The Sunday Sanctuary (Mark Rodel)

Monday, 21 December, 2009

Mark RodelMark Rodel describes The Sunday Sanctuary.

One month into our great adventure in Portsmouth. What has been going on? What have we learned?

On 22nd November, the tiny congregation who met in the parish church building of St Luke's, Southsea, said goodbye to that place. In a special service, we moved around the building, stopping at various points - the main entrance, the font, etc. At each 'station' we marked some feature or character of the church's life, symbolised by that particular piece of church furniture. We committed ourselves to carry that aspect of our common life forward into our new future.

Why did we do that? Because from then on, we were putting a stop to the 11am Sunday service in the church building and instead meeting in the community room attached to a nearby tower block. But it's not just a matter of geography. We haven't moved our Sunday service of Anglican liturgical worship. We've ended it.

The time for the intentionally Christian community's worship is now on a Tuesday evening as part of our home group. Each week we share a meal, a Eucharist and prayer and engagement with the Bible in my home.

On Sundays, between 10am and midday, we now open what we're calling the Sunday Sanctuary.

We provide breakfast and refreshments all morning and some sort of craft-based activity. Alongside that, we also offer one or two light, reflective activities. We've been describing it as a family drop-in in the publicity material. Is that what it's been?

We're not expecting people to come to us and do what we do without space for question or doubt or just exploration in conversation

Already, we have experienced a steep learning curve. I anticipate that our Tuesday night gatherings will include some lively conversations from now on! The first surprise was that people stay all morning. We had been working on the assumption that people might come for 30 or 45 minutes and then go. One or two craft activities are sustainable for that length of time, but not if people are there for two hours. So we are having to think pretty rapidly about creating a broader range of things to do.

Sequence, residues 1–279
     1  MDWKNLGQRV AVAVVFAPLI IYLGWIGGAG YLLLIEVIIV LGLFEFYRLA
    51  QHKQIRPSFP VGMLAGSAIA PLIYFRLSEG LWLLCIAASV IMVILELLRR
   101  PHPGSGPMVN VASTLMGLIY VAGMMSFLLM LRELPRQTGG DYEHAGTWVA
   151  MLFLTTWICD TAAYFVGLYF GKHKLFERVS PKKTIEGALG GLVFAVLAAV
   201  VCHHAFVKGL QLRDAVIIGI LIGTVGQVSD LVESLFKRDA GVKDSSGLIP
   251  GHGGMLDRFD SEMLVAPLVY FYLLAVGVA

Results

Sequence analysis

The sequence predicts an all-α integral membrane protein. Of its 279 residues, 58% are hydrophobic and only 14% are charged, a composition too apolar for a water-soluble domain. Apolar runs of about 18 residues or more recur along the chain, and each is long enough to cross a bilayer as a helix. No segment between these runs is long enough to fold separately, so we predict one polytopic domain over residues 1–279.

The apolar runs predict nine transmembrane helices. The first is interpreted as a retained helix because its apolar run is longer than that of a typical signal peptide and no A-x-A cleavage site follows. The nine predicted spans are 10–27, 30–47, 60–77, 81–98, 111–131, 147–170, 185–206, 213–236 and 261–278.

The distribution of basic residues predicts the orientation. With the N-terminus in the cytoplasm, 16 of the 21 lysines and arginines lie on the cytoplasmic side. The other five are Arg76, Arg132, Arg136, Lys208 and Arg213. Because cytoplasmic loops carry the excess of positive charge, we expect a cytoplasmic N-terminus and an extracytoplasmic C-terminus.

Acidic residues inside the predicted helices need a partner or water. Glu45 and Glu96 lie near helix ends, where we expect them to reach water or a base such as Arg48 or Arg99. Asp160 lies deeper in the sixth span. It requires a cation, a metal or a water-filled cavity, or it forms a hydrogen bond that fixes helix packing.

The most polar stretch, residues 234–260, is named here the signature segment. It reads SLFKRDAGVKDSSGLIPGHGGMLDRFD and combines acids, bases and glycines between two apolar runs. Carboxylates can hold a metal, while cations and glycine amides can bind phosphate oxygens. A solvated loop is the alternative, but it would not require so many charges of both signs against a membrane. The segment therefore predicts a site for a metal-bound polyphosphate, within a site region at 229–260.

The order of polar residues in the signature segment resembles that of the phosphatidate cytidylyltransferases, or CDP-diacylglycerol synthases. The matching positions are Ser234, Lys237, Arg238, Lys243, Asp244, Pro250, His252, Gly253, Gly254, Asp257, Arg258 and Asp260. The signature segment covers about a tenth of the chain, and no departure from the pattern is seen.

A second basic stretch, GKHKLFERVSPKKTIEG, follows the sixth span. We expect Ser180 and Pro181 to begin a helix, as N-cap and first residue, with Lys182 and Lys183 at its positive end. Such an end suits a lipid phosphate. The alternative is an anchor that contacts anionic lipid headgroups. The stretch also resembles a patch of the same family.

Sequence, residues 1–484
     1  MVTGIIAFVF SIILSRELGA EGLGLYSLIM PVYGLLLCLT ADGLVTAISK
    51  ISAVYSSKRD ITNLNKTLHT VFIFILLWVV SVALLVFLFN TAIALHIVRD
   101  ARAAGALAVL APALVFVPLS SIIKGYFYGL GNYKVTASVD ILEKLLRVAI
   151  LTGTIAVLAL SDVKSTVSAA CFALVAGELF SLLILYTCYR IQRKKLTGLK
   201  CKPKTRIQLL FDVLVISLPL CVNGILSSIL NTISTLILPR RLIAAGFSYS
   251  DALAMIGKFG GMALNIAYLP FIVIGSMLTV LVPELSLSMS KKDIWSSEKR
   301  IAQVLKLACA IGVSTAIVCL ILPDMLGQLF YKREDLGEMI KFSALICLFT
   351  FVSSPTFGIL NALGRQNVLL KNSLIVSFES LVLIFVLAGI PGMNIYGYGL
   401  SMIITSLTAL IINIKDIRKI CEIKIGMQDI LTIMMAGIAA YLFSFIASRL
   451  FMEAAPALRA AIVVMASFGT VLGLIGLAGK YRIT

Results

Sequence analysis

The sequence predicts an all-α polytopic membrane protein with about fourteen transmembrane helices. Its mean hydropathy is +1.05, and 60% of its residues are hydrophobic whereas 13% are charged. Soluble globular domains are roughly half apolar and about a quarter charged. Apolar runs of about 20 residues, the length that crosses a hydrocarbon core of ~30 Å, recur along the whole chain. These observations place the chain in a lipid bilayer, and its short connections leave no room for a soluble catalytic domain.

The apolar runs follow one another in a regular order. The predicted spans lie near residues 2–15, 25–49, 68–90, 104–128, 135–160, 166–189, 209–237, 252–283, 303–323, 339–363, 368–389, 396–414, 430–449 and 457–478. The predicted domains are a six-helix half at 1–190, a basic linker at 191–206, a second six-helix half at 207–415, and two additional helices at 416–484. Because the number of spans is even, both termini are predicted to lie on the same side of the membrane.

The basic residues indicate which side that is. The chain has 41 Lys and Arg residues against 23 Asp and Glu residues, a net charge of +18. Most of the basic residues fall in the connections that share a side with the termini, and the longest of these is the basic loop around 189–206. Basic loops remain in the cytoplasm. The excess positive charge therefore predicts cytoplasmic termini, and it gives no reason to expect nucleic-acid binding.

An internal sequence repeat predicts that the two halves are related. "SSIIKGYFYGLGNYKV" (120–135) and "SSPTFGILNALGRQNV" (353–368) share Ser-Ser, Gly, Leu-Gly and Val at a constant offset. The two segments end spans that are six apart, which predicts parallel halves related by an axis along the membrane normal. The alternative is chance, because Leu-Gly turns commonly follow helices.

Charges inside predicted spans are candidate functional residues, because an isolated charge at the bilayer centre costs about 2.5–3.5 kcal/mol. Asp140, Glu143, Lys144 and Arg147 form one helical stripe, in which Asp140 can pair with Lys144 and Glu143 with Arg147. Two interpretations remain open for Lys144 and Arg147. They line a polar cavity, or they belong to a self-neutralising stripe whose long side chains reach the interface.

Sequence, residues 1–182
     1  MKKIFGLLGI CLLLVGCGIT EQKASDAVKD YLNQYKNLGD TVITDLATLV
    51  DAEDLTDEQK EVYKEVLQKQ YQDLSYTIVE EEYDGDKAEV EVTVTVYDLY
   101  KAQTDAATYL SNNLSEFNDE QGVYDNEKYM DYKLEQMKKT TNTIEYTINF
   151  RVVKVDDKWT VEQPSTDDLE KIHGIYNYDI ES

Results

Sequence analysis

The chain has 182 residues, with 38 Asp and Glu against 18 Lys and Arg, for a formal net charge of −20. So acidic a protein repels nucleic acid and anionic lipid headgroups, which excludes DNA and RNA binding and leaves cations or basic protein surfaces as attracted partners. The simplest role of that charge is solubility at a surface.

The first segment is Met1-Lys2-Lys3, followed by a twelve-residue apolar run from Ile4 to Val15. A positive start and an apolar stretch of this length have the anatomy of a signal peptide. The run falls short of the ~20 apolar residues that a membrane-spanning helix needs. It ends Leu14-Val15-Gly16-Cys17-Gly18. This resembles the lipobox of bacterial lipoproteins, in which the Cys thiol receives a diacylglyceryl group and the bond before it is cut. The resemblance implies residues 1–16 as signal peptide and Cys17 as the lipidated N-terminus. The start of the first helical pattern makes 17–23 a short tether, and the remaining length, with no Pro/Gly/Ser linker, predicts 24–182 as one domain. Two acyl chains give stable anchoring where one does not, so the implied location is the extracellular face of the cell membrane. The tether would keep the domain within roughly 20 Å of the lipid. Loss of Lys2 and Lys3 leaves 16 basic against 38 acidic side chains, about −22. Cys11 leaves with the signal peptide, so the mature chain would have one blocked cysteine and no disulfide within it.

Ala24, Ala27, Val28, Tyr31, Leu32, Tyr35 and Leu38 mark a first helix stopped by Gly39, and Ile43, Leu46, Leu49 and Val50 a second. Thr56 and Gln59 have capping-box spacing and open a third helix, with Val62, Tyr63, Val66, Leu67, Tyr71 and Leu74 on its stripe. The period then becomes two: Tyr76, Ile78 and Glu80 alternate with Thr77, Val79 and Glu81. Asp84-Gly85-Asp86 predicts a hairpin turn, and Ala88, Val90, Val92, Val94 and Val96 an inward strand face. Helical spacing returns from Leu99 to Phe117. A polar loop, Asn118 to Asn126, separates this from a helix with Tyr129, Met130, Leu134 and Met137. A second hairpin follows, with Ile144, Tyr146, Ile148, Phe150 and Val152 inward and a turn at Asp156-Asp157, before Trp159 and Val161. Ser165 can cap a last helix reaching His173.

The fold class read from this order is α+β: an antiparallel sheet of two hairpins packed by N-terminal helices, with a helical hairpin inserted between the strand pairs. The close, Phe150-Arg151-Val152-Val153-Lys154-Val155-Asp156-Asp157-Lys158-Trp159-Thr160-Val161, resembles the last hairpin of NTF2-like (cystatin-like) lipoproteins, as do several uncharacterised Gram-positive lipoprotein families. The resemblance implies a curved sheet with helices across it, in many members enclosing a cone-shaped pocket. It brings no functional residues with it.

But at the forefront of our minds is the need to ensure that all we do is intentionally spiritual. It would be easy in lots of ways to resort to 'entertainment', but we aren't a youth or kids' club. We're a church operating a family drop-in. We're not about forcing anything on anyone. Everything is optional. But everything we offer comes from who we are - ourselves and our faith.

The difference between what we're doing here and a regular church service is that we're not expecting people to come to us and do what we do without space for question or doubt or just exploration in conversation. The activities we offer share some of the things that we have found meaningful. They invite others to imaginatively enter into that world of meaning - to 'try it on for size'. But we will always respect people's freedom and if they find themselves taking a different point of view, it will not affect our welcome of them. Watch this space...

About the author: 

Revd Mark Rodel is City Centre Pioneer Minister and Associate Priest, St Luke's Southsea.


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